state-court dispossessory affidavit, and it makes clear that
diversity jurisdiction does not exist here. Diversity
jurisdiction exists for all civil actions where the amount in
controversy exceeds $75, 000 and which are between citizens
of different states. 28 U.S.C. § 1332(a)(1). And
diversity between parties does not provide a basis for
removal to federal court if any of the properly joined
defendants is a citizen of the state in which the action is
brought. See 28 U.S.C. § 1441(b)(2). Defendant
states in the Civil Cover Sheet that she is a resident of
DeKalb County, Georgia, and she does not allege citizenship
in any other state. (Doc. 1-2). Because Defendant is a
resident of Georgia, she cannot remove the state-court
Defendant meet the amount-in-controversy threshold. The
underlying state-court affidavit shows that Plaintiff seeks
past-due rent of $3, 800. (Doc. 1-1 at 5). The amount
Plaintiff seeks falls far short of $75, 000, and this action
may not be removed on the basis of diversity jurisdiction.
finally, to the extent that Defendant seeks a stay of the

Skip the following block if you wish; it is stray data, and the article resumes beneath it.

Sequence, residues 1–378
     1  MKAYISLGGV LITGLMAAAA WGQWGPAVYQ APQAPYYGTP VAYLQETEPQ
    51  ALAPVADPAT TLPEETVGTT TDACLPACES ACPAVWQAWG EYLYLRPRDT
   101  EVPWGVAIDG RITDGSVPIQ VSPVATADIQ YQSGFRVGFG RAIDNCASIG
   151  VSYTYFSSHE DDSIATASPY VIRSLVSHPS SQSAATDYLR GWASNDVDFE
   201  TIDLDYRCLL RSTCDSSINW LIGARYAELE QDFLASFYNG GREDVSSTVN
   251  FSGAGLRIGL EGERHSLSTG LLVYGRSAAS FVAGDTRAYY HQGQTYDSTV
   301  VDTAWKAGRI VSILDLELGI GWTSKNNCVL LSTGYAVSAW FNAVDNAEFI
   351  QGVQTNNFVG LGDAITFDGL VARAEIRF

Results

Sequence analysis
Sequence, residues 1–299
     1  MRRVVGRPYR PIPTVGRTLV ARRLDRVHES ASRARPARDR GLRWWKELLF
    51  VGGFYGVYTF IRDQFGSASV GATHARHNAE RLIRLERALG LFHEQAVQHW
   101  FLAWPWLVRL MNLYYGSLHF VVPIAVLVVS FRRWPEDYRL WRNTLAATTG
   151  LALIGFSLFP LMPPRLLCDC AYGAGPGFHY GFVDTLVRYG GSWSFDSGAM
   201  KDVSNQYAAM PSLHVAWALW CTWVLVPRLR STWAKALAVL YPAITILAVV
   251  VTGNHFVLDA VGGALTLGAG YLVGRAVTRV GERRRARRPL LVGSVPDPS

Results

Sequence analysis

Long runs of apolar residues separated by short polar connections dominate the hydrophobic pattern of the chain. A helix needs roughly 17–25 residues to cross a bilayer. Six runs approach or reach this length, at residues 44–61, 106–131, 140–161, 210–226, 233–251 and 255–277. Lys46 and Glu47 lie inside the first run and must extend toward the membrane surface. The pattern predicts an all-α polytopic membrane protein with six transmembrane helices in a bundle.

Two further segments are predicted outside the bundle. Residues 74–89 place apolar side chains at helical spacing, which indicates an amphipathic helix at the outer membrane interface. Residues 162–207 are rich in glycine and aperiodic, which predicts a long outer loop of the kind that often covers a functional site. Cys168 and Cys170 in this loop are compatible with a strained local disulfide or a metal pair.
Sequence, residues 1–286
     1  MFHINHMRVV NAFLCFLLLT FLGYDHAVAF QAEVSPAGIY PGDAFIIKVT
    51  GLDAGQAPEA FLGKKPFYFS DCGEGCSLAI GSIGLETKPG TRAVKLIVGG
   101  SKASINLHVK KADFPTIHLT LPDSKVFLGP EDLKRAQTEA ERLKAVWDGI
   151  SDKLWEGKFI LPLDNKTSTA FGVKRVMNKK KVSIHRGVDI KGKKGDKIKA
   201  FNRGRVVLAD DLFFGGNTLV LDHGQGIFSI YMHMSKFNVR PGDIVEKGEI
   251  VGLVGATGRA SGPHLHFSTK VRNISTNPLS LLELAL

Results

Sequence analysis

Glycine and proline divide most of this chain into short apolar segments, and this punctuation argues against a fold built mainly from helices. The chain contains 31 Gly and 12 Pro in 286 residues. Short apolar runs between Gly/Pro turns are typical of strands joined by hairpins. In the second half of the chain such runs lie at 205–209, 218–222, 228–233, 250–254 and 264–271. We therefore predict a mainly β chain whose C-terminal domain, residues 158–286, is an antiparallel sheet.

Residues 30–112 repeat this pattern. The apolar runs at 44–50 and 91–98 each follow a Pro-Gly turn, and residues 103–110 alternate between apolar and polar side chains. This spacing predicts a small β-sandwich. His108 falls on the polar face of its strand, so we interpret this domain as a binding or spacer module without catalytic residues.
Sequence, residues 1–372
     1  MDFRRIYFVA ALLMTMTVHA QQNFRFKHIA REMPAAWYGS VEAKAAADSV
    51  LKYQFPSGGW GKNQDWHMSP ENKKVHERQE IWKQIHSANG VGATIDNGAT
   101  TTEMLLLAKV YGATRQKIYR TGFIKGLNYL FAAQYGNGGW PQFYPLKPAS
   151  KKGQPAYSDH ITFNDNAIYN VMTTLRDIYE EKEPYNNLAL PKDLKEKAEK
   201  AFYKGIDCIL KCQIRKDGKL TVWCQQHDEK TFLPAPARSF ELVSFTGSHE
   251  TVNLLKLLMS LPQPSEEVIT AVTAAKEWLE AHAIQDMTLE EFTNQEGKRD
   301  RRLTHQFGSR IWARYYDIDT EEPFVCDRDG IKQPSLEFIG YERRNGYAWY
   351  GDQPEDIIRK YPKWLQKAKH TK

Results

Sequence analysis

state-court proceedings, she is not entitled to one. See
American Homes 4 Rent Properties Eight, LLC v. Dynott,
No. 1:15-CV-2689-WSD, 2015 WL 5920130, at *2 & n.4
(N.D.Ga. October 8, 2015) (denying the defendant's motion
to stay state-court dispossessory proceedings as moot because
the court lacked subject-matter jurisdiction and noting that,
"[e]ven if subject-matter jurisdiction existed, the
Court [would be] unable to grant Defendant the relief he
seeks-a stay of state court eviction proceedings- because a
federal court is prohibited under the Anti-Injunction Act..
.from enjoining a state court eviction proceeding");
U.S. Bank Nat'l Ass 'n v. Sanders, No.
1:15-CV-357-WSD, 2015 WL 1568803, at *3 (N.D.Ga. April 7,
2015) ("Because this action is required to be remanded,
Defendant's.. .Motion to Stay...[should be]
while Defendant's Application to Proceed in District
Court without Prepaying Fees or Costs, (Doc. 1), is
GRANTED, for the reasons discussed, the
undersigned RECOMMENDS that this action be
REMANDED to the Magistrate Court of DeKalb
County. As this is a Final Report and Recommendation, there
is nothing further in this action pending before the
undersigned. Accordingly, the Clerk is
DIRECTED to terminate the reference of this
matter to the undersigned.
IS SO ORDERED.
 In the Civil Cover Sheet, Defendant
indicates, as a basis for jurisdiction, that the United
States Government is a defendant. (Doc. 1-2 at 1). That is
simply not the case-the United ...